It will mean China A-Shares now account for 1.6% of the total MSCI Emerging Market index and according to the SPDR EMEA strategy team, this will likely result in a one-way passive flow of $3.8bn in the wake of the increase.
This is not the only potentially controversial move; at the same time, Saudi Arabia will be included in the Emerging Markets index for the first time, a move which will see the country’s stocks account for an initial 1.4% of the index before moving up to 2.7% in August.
The SPDR team believe the sizeable moves could combine for a “record one-way turnover” as funds look to rebalance in tune with the index.
It is the original decision to include China A-Shares, however, that has sparked debate within the index world and beyond. In April, Scientific Beta announced it was excluding China A-Shares from its smart beta indices. Diplomatically, it cited various technical issues for suggesting it “would not be appropriate” to include them.
Furthermore, the original decision on the part of MSCI has recently come under attack with an article in the Wall Street Journal in March suggesting the decision was politically driven. The article suggested the move was made partly due to concerns that the Chinese authorities might block attempts by MSCI to expand further in China if there was not an effective quid pro quo on A-Shares inclusion.
Understandably, MSCI stoutly defends its decision. Speaking to ETF Stream, a spokesperson pointed out that MSCI’s market classification decisions are come to after a process of gathering feedback from a broad range of market participants in a “transparent and objective” manner. This spans asset managers, brokers, consultants and custodians and well as local authorities, regulators and stock exchanges.
Moreover, the spokesperson says that decisions are made by the editorial side of the business, as opposed to the commercial side. “The outcomes of all market classification consultations are decided by MSCI’s Index Policy Committee, based on its publicly available market classification framework and a thorough analysis of the feedback gathered,” they added.
“MSCI acts as a conduit between local policy decision makers and international institutional investors to constructively communicate market feedback; it takes this responsibility very seriously.”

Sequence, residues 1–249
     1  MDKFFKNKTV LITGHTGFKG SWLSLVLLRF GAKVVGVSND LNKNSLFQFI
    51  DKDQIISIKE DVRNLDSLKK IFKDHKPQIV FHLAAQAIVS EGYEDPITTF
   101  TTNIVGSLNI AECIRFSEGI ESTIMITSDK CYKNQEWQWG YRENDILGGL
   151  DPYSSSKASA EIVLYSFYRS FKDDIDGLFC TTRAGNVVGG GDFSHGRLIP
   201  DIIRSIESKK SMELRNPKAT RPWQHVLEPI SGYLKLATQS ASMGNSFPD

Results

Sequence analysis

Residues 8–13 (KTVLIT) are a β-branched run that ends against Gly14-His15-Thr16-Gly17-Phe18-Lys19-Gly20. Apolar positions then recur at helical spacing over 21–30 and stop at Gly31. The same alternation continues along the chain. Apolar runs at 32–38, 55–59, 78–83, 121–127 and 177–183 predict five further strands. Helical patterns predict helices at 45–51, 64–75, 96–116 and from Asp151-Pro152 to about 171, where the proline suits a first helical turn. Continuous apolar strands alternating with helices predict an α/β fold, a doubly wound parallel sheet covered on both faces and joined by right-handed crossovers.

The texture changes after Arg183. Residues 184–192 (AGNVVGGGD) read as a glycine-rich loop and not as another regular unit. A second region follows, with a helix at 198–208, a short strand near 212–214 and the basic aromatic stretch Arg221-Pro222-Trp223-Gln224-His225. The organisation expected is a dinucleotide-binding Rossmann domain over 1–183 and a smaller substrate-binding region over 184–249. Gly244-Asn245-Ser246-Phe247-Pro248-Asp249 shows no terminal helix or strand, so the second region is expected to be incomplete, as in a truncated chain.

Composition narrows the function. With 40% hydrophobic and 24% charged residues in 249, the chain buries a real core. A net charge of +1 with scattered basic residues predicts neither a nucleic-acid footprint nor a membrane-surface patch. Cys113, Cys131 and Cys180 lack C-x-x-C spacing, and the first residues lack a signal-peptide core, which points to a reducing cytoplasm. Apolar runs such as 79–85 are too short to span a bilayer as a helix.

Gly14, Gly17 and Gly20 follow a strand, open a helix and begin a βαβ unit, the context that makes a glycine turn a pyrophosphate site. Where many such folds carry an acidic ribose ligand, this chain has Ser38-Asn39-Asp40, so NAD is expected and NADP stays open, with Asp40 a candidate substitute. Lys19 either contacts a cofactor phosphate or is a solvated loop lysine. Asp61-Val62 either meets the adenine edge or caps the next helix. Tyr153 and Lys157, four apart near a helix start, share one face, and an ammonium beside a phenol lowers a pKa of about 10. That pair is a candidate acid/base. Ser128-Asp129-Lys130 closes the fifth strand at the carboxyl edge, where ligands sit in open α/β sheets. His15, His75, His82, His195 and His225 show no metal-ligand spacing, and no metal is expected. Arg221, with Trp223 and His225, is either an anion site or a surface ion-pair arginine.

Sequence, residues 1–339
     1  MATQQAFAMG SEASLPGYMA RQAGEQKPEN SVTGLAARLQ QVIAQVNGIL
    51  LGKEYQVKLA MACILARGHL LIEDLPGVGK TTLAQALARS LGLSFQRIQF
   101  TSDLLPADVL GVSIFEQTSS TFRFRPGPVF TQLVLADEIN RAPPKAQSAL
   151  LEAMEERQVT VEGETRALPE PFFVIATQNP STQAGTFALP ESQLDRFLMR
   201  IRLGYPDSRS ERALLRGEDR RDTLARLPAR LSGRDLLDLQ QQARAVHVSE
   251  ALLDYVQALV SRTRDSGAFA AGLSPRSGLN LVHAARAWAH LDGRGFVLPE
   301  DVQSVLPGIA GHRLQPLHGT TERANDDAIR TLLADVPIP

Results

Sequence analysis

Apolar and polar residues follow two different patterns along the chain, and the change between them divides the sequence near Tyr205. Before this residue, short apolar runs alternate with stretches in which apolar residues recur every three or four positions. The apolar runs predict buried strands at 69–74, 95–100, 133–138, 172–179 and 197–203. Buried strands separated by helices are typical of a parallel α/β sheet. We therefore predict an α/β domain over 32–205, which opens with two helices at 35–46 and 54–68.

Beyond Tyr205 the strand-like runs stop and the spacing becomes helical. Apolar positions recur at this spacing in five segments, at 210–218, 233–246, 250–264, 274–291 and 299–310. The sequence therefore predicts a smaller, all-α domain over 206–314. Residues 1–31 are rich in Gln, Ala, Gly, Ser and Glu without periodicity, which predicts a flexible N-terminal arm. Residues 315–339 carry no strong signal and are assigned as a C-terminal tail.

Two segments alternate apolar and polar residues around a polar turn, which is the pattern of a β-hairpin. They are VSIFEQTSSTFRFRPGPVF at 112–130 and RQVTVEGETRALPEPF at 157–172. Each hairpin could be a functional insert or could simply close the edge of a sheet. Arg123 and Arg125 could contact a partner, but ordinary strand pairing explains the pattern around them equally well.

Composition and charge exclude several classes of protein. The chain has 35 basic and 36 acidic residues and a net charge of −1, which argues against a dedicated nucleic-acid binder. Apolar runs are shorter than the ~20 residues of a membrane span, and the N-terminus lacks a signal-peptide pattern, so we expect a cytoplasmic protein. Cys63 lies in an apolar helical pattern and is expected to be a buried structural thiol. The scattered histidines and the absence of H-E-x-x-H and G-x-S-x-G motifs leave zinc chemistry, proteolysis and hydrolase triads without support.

In the case of China’s A-Shares, they added that during three separate consultations international institutional investors outlined that they would like to see “several specific areas of improvement in the accessibility of the China-Shares market” before its potential inclusion in the MSCI Emerging Markets index.
“The ultimate decision to partially include China A-Shares in the MSCI Emerging Markets index and the MSCI ACWI index announced during MSCI’s June 2017 Market Classification Review was only following positive feedback from the investment community about the market accessibility reforms,” the spokesperson said.
On one level it is “entirely logical” that major global indices should include China, says Mark Northway from Sparrows Capital.
However, he feels there are reasons why there is general nervousness about China. “Part of the responsibility of index providers is an assessment of the rule of law, of investor protections and of governance practices – all areas in which China remains notably deficient,” he says.
He points to the experience of the UK over certain Chinese stocks on the AIM where the various failures "showed complete disregard for Western principles of governance and for shareholder rights".
“Regulation of Chinese markets is vastly different from what global investors are used to and can involve active manipulation of data and prices,” he adds. “Changes in Chinese law are often unpredictable and retroactive. Perhaps most worryingly, the Chinese interpretation of contractual obligations is very different from the way such arrangements are viewed in the West.”
Noting that the various companies involved in index provision are for profit, he suggests it is obvious that they are exposed to commercial pressure. “It is clear that political pressure has been exerted in this case by the Chinese authorities,” he says. “What we do not know, and will probably never know, is whether it had any impact.”
And yet, it is also fair to suggest that decisions on index composition face similar pressures to those of the ratings agencies when it comes to a country’s debt rating. In the ratings world, Peter Sleep, senior investment manager at 7IM, points out, for instance, that it has also long been assumed that S&P and Moody’s have previously have been on the receiving end of questions regarding how their country ratings are affected by the US debt pile.
Moreover, the importance of China to the global economy makes it difficult for the index companies. “China is very hard to ignore,” he says. “There will also be pressure on the other index providers like JP Morgan and Barclays Bloomberg.”
As will be clear at the end of May, to an extent, this is already a settled matter. Given the importance of China to the emerging markets, the importance of China A-Shares to the emerging market index – and their weighting – is also sure to increase in the years to come.
After all, an important point about the MSCI decision is that in its wake nine Chinese ETFs were approved by regulators last year compared to one that existed previously. That is perhaps the most significant pointer to the future.
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